The Committee on Climate Change (CCC) is urging HM Treasury to ensure net zero is funded fairly, revealing it will publish its advice on the sixth carbon budget earlier than expected.
In a letter officially welcoming Simon Clarke, who was appointed Exchequer Secretary to the Treasury on 27 July 2019, the CCC set out its expectations for the recently-announced comprehensive Treasury review into how the transition to a net zero society can be fairly funded.
The letter, written by Lord Deben, chair of the CCC, says that the review will be “crucial in ensuring a successful transition”.
“The key challenge is how the required changes, near-term and long-term, can be funded in a way that distributes costs fairly. My Committee’s view is that this must be a priority consideration in public spending decisions. The review should therefore be a key input to next year’s spending review and budget, as well as setting the longer-term direction for policy.”
It also outlines the CCC’s plans to publish its advice on the sixth carbon budget in September 2020, three months earlier than required by the Climate Change Act.
The sixth carbon budget will set out a path to net zero, the letter says, being the first carbon budget to be set into law following that commitment.
“My hope is that this date will be useful to government in informing the Treasury review, ahead of the Glasgow COP26 summit. We would be happy to engage with you and your officials and provide early insights and outputs from our analysis.”
The letter reiterates the changes the CCC say must happen for the UK to reach net zero by 2050. These include; large-scale roll-out of energy efficiency and low-carbon heating, strategic decisions on the roles of hydrogen and electrification, growth in the EV market, increases in low-carbon electricity, development of carbon capture and storage, changes in lifestyles and planting more trees.
In order to make these changes a new regime for public funding will be needed, to ensure costs are fairly spread and do not have a negative impact on those most vulnerable in society.
“Crucial to this will be a distribution of costs that is fair, and is also perceived to be fair, so that changes can proceed rapidly with support from society. The example of the ‘gilets jaunes’ protests in France is evidence of the importance of getting this right.”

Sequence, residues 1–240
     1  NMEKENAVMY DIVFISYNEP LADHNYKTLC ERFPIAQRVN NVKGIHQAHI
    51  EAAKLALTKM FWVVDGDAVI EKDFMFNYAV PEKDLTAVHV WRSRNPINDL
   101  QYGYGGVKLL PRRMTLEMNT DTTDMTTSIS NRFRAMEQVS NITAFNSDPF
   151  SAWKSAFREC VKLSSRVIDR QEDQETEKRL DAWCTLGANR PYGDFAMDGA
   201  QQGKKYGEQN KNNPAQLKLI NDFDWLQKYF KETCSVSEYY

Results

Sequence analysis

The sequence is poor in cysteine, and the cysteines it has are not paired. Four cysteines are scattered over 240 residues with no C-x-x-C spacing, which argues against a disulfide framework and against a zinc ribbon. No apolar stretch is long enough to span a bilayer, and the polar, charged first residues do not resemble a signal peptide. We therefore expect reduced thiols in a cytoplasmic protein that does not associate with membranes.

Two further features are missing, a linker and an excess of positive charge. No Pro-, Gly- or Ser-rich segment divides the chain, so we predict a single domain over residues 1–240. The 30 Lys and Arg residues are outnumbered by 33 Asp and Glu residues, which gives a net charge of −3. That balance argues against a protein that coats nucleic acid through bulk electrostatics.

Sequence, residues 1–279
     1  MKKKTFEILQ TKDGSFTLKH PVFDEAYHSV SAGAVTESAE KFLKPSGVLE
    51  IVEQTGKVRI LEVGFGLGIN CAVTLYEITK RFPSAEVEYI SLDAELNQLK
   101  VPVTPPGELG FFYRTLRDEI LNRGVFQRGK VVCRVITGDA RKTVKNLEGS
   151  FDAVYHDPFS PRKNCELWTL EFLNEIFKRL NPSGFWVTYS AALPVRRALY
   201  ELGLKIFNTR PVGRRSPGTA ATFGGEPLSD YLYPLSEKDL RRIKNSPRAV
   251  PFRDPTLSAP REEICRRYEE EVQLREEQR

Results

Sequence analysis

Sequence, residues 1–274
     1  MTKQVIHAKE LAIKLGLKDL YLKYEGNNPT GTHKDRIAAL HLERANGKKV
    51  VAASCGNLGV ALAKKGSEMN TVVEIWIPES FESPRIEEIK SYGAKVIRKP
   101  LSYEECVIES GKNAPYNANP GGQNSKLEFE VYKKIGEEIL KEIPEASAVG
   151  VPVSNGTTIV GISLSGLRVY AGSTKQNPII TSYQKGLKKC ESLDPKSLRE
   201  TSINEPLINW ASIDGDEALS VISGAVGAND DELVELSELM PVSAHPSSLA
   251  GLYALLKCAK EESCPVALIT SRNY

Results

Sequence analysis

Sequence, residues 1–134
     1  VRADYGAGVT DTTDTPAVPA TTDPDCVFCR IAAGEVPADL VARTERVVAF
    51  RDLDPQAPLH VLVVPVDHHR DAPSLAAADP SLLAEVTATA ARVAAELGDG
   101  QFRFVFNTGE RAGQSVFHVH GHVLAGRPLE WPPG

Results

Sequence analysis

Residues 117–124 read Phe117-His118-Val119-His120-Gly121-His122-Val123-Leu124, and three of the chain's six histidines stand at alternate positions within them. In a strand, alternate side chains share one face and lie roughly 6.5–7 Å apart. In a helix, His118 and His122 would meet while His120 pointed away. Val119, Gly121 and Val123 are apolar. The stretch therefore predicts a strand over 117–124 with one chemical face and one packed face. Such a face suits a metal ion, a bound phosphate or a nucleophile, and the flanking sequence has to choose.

To ensure this, the Treasury review must “plan for funding decarbonisation and, most importantly, review the distribution of costs for businesses, households and the Exchequer”.
The letter calls on Clarke to ensure that the review includes “concrete proposals for action and funding over the next five to ten years, or at least be accompanied by a spending review or budget which does the same”.
This is along with support for demonstration projects, and clear investable propositions that will help the Exchequer bring in the required volume of capital at a low cost.
It also highlights the short-term nature of the policy needed, as it should not bind future governments but simply set out principles. The focus should be on facilitating change in the next five to ten years.
In order to ensure that the energy transition is fair, the review should include where the costs and benefits of the transition will fall, the impact on jobs, and monitor its progress.
Financing the UK’s shift to net zero has been a cause of concern for the government and industry in the last few months, with competing claims as to the overall cost from the CCC and the Department of Business, Energy and Industrial Strategy (BEIS). This was compounded by the very limited funding presented in the Spending Round for 2019 in September, which was widely condemned.
Clarity in the funding and policy framework for net zero is desperately needed, as was repeatedly highlighted during sitting of the BEIS Select Committee. The lack of clear policy provided by the government is currently holding back progression.
In July, the CCC also condemned the lack of progression made, with Lord Deben saying “it’s time for the Government to show it takes its responsibilities seriously. Reducing emissions to net zero by 2050, requires real action by Government now”.
Clarke is MP for Middlesbrough South and East Cleveland, and was elected to the House of Commons in 2017.